Many small retailers are confused about who is liable in the event of the fraudulent use of the new Chip and PIN credit cards according to the Federation of Small Businesses.
Consumers continue to be protected from card fraud losses following the Chip and PIN changes - but as of January 1 2005 retailers without the new technology must shoulder the responsibility for card fraud that could have been picked up by the Chip and PIN devices, rather than the card issuer.
Feedback from members of Britain's biggest business organisation suggests that small firms are in the dark about where the liability lies if they rent their terminal from a bank and haven't yet had it upgraded.
Businesses are also confused about who shoulders the risk when a customer forgets their PIN number and wants to sign instead.
Britain's biggest business organisation is determined to set the record straight and is telling its 185,000 members that:
- Where a retailer rents a terminal from a bank, and through no fault of their own has not yet had it upgraded, they will not be held liable for card fraud,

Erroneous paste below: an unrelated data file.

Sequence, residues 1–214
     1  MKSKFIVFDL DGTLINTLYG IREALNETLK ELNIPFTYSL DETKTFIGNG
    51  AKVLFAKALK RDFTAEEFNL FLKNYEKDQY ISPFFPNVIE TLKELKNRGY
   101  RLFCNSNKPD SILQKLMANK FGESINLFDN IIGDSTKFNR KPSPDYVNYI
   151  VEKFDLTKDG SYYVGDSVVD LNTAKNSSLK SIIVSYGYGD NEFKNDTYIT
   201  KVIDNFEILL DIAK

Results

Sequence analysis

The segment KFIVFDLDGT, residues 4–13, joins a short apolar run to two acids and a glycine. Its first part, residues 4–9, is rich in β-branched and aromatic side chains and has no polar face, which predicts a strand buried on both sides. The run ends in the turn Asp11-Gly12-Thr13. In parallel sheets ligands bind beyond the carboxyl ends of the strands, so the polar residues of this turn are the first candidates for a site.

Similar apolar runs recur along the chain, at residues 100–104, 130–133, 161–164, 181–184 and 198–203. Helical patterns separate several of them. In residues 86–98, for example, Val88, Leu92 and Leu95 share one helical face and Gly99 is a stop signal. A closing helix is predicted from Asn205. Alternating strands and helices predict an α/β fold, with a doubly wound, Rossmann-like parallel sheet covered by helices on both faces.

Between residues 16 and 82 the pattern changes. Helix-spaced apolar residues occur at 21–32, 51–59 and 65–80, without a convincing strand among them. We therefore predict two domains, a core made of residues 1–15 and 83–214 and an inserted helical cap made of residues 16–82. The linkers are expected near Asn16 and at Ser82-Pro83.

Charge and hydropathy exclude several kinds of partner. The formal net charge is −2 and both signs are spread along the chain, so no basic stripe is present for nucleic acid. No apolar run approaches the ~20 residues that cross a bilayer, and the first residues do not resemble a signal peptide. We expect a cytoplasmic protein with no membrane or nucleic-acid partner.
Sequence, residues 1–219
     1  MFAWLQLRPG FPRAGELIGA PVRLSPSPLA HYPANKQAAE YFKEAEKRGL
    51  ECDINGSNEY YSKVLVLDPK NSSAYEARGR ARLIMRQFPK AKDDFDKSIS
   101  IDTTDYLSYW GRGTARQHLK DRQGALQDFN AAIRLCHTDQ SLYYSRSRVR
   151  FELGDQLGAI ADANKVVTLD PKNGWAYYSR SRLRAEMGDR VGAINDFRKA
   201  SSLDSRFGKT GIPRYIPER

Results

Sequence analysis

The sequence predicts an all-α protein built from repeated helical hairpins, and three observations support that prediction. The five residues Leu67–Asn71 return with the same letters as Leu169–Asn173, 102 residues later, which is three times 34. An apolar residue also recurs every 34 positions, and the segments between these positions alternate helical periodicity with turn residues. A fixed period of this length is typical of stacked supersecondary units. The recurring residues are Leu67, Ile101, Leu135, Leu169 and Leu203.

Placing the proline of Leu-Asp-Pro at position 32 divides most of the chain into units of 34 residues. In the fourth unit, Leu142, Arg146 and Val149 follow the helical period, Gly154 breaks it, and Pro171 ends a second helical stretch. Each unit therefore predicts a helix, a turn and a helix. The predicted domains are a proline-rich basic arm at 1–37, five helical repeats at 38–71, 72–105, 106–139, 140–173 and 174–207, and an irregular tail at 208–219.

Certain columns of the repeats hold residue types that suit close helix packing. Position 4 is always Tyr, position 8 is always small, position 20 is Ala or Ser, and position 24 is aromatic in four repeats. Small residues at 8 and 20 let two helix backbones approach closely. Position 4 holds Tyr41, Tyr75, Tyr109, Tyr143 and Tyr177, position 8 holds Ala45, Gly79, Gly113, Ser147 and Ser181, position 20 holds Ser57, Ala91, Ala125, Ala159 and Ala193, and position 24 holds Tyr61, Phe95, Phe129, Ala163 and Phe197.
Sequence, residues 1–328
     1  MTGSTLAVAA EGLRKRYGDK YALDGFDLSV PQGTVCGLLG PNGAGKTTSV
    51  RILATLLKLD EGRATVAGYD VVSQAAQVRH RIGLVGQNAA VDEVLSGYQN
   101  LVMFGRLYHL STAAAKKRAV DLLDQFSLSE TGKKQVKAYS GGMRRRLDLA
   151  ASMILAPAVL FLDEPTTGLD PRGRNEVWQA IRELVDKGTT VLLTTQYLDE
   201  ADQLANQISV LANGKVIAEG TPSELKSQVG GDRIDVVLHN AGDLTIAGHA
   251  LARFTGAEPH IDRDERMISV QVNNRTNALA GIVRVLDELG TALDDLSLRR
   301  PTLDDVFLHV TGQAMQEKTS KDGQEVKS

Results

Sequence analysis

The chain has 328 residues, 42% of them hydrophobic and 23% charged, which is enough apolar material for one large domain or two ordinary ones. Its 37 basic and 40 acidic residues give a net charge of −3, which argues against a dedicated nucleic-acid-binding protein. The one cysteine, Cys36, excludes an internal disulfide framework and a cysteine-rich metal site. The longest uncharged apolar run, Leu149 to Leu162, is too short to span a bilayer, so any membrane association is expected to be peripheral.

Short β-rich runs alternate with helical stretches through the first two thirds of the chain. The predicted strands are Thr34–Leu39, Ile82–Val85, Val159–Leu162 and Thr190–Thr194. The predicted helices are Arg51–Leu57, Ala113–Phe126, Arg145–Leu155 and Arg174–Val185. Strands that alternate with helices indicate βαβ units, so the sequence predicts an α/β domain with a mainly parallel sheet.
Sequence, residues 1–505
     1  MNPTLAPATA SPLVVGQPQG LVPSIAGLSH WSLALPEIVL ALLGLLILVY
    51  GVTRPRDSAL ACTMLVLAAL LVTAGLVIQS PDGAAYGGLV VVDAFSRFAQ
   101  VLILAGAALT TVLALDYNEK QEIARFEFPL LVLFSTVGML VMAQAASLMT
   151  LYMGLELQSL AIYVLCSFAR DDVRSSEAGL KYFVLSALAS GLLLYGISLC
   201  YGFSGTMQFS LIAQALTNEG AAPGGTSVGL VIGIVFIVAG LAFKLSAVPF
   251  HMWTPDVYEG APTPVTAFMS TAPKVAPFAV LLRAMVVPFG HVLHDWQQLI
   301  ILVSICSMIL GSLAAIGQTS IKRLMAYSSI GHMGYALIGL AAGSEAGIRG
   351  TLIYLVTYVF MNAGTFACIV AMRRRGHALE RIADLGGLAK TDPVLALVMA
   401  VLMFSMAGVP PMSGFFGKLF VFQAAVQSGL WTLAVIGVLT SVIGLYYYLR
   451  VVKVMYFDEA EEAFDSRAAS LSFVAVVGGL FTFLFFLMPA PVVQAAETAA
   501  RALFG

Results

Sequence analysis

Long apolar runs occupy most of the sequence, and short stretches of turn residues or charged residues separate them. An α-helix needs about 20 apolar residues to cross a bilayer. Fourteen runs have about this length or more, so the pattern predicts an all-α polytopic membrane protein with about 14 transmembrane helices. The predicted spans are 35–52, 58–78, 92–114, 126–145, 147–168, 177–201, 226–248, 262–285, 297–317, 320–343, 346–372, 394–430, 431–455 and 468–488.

- Where a retailer has a Chip and PIN terminal but a customer asks to sign instead either because they have an old card or have forgotten their pin, the retailer will not be held liable for card fraud as long as they have ensured that the signature on the card and transaction slip match.
John Walker, FSB Policy Chairman said, "More than a quarter of the credit card terminals in this country, over 200,000 tills have still not been upgraded, so it is not surprising that small firms are concerned about whether they are liable in the event of fraud.
"Retailers are also in the frontline when dealing with customers who cannot remember their PIN.
"In both situations it is vital that there is clarity about where the liability for fraud lies, and the FSB is determined to do its bit to set the record straight."
Read related items on:
Retail, pubs, clubs and restaurants
Federation of Small Businesses